Now, I'm not going to get all food police-y on you. I'll just remind you that there are more alternatives than ever before to the candies that deliver payloads of artificial colors and flavorings directly to your innocent cells (OK, maybe I'm getting a little food police-y).  Sure, those natural or boutique candies are probably more expensive than the mass-produced ones, but maybe the higher price will bring the consumption down to where it should be - moderate.

And don't forget - real chocolate is free of artificial anything!

In honor of Easter, and your health, I'm linking to HealthTwisty's most popular post "Don't Eat the Oil."Even though that post was written for another candy-laden holiday (Halloween), it is a good primer on the politics that keep the much of the food quality in the United States at a very low level.

At any rate, if you celebrate Easter - have a wonderful, joyful day! If you like candy - read your labels and shop around.



Thursday, April 21, 2011

One Fish, Two Fish, Red Fish, Blue Fish...

The AquAdvantage Salmon with a non-transgenic Atlantic salmon
The AquAdvantage Salmon in the background with regular Atlantic salmon of the same age.
Image: AquaBounty Technologies
Many of us probably can continue that children's story in our heads...Black fish, blue fish, old fish, new fish.

Until recently, new fish occurred only in such children's ditties, as imagined by the wonderful Theodore Geisel (Dr. Seuss). But now, thanks to a private company and genetic engineering, there may soon be a new fish - a new species of fish, to be exact - on the block, one that will be swimming straight for your dinner plate.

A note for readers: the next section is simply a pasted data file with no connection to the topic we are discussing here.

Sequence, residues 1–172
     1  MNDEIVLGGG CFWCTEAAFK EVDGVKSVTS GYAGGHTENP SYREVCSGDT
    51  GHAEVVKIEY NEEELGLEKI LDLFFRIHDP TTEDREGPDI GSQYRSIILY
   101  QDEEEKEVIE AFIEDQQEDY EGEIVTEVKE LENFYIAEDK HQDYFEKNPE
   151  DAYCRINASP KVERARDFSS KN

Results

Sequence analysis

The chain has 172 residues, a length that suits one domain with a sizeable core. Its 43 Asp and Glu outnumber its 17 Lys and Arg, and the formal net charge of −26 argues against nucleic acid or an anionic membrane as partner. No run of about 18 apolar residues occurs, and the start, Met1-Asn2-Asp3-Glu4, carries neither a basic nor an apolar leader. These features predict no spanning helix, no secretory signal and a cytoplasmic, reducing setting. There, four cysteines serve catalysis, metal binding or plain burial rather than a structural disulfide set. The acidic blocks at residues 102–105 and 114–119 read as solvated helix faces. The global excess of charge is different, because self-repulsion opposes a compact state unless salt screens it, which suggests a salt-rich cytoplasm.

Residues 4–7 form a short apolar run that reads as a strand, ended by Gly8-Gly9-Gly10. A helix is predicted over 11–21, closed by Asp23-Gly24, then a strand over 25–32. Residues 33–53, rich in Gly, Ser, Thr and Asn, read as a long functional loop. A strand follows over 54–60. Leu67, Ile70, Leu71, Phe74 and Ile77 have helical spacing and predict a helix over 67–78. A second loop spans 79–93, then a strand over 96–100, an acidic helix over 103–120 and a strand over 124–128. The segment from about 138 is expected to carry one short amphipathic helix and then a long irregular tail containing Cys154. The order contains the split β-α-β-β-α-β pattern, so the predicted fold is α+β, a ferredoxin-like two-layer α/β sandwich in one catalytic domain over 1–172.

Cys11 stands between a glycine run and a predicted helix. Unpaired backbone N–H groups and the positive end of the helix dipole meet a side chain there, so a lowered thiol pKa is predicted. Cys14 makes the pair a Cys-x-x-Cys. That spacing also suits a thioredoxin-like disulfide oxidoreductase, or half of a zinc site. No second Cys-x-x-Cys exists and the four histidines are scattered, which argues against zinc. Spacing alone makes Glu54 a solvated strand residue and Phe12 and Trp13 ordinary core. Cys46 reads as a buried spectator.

The  AquAdvantage salmon, the first genetically modified (GM) animal to be considered for human consumption, is an Atlantic salmon enhanced with genes from other related fish. A gene from a Chinook salmon allows for rapid growth, and genes from an ocean pout (which, according to Timothy Egan, writing for the New York Times, in a lovely turn of phrase, "looks like an eel on a bad fin day.") provide growth hormones. This GM salmon grows quickly, reaching market size in half the time of conventional salmon. Fully intended as a commodity, the AquAdvantage salmon provides a "compelling" economic benefit to fish farmers by way of a reduced growing cycle.

The FDA is nearing approval of the salmon after years of review. Are these fish the answer to feeding an ever-growing world? Or are they Frankenfood?

Regardless of the answer, these fish are here. And even though I personally have mixed feelings about GMOs overall, there is one thing I am clear about: I definitely want to know what I'm eating.

Unfortunately, under current labeling laws, once these transgenic fish are approved by the FDA, consumers may not know if the fillets they are grilling for dinner or ordering at a restaurant are GM salmon or merely farm-raised salmon. It seems as if the parent company fought hard not to have these fish labeled as genetically modified because it was concerned that people would confuse the information label with a warning label.

Isn't that sweet? That big ol' corporation is worried that I might be confused.


To back up a bit, the FDA concluded last fall that the GM salmon had similar vitamins, minerals, fatty acids, and protein as conventional salmon. The FDA has also ruled that labels are only required if the GM salmon was significantly different than regular salmon. So as long as the two types of fish are considered similar, no special labeling is required.

Not surprisingly, some people think that the presence of foreign genes in a fish IS difference enough to require a label. The folks over at have started a petition to Congress to insist these fish are labeled as being genetically modified. Here's where you can participate in the petition.

It's fairly clear that the producers of the AquaAdvantage salmon know they are facing an uphill battle to sell this fish if it is labeled as genetically modified. The Washington Post conducted a poll on consumers' willingness to purchase the GM salmon; here are part of the results from September 2010.